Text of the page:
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Re: [Xen-devel] Device model operation hypercall (DMOP, re qemu depriv)

Jan Beulich writes ("Re: [Xen-devel] Device model operation hypercall (DMOP, re 
qemu depriv)"):
> On 13.09.16 at 18:07, <david.vrabel@xxxxxxxxxx> wrote:
> > This is an direct result of the requirement that the privcmd driver does
> > not know the types of the sub-ops themselves.  We can't have this
> > requirement and type safety.  Which do we want?
> Both, which the proposal utilizing side band information on VA
> ranges allows for. (And in any event this to me clearly is an
> aspect that would need to be mentioned in the disadvantages
> section of the document.)

The side band information approach has the problem that it is easy to
accidentally write hypervisor code which misses the
additionally-required range check.

It might be possible to provide both strict type safety of the kind
you're concerned about here, _and_ protection against missing access
checks, but it's not very straightforward.

One approach to do that would be to augment the guest handle array
proposal with a typesafe macro system for accessing the guest handle

But I think George has a good argument as to why this is not needed:

  If most of the time the hypercalls are made by calling libxc functions,
  and the libxc functions have types as arguments, then the end caller has
  the same type safety.  We'll have to be careful inside the individual
  libxc functions, but that should be fairly straightforward to do.  So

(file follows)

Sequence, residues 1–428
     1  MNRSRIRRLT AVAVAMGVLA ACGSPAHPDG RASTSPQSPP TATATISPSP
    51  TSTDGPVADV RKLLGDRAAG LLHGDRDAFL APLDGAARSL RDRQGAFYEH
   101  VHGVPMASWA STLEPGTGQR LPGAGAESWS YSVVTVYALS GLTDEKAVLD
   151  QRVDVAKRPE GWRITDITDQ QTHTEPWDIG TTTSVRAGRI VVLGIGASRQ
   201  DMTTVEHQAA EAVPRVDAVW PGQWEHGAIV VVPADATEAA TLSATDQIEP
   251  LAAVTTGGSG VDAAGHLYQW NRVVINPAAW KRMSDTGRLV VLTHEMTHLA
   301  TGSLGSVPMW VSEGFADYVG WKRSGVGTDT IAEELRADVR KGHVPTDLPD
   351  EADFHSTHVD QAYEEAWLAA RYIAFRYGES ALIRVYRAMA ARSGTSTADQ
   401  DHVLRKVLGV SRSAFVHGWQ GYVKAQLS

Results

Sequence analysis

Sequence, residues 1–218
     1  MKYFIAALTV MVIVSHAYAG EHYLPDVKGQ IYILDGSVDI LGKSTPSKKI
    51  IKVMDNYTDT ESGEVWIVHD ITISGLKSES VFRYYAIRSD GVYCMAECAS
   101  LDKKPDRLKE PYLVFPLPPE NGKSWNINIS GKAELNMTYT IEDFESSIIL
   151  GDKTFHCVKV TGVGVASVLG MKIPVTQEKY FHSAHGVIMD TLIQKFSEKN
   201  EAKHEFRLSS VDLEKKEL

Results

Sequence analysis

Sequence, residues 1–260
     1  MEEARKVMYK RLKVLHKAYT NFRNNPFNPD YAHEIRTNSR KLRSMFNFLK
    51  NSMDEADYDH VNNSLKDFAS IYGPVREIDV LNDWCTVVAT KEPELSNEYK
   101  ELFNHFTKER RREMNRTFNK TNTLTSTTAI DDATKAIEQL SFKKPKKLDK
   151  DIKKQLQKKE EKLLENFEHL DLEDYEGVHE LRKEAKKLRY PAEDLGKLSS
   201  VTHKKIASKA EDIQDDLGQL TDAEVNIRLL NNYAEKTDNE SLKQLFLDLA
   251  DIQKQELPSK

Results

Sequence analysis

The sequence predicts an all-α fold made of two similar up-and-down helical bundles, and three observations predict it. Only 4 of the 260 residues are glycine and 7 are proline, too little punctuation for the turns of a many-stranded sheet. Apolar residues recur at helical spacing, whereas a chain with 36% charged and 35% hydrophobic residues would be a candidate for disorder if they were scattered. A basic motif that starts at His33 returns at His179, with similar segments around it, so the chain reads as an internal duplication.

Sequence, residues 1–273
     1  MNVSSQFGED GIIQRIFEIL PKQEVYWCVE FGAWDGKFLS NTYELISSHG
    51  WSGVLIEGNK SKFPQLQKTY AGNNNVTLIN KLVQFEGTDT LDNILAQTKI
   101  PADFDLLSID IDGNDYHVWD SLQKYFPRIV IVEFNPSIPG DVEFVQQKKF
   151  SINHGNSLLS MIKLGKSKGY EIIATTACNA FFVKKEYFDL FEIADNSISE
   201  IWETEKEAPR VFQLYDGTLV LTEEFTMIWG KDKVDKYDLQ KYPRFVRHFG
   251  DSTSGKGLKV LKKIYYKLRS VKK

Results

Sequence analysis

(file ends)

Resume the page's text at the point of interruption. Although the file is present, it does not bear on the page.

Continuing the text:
the places where we need to take extra care should be very localized.

We do not expect DMOP callers to make the hypercalls directly.  (They
can't sensibly do so because the DMOP ABI is not stable - they need
the assistance of the stability layer which we intend to provide in

So the actual hypercall call sites are all in-tree, in libxc.  If the
format of the struct used for one of these guest handle slots changes,
the same struct definition from the Xen headers is used both in the
hypervisor and in libxc, and any incompatibility will be detected.

It's true that changes to the semantics of these slots (for example, a
change of a slot from "array of struct X" to "one struct Y") will not
be detected by the compiler.

But *all* ABI changes to the DMOP interface need to be accompanied by
changes to libxc to add compatibility code.  I think it will be fairly
straightforward to check, during review, that each DMOP change comes
with a corresponding libxc change.

But if you do not agree, then how about hiding the slots with a macro
setup ?  Something like:

    struct device_model_op {
         uint32_t op;
         union {
              struct op_foo foo;
              struct op_bar bar;
              /* etc... */
         } u;

    struct op_foo {
       some stuff;
       ONE(O,  struct op_foo_big_block,           big_block) \
       MANY(O, struct op_foo_data_array_element,  data_array)

Supported (preceded by) something like this (many toothpicks elided
for clarity and ease of editing):

    /* dmop typesafe slot machinery: */

    #define DMOP_DEFINE(opname) \
        enum {

    #define DMOP__SLOT_INDEX(O,T,N) DMOP__SLOT_INDEX__##O##_##N,

    #define DMOP__ACCESSORS_ONE(O,T,N) \
        static inline int copy_dm_buffer_from_guest_##O##_##N(
            T *dst,
            const struct device_model_op *dmop /* accesses [nr_]buffers */)
            return copy_dm_buffer_from_guest__raw
                ((void*)dst, sizeof(*dst), dmop,
        likewise copy_...to

    #define DMOP__ACCESSORS_MANY(O,T,N) \
        static inline size_t get_dm_buffer_array_size_##O##_##N ... {
            calculation divides buffer size by type size;
        static inline long copy_dm_buffer_from_guest_##O##_##N(
            T *dst, size_t nr_dst,
            const struct device_model_op *dmop /* accesses [nr_]buffers */)

Personally I don't think this is worth the effort.  But if you do I
would be happy to turn this into something which actually compiles

Thanks for your attention.


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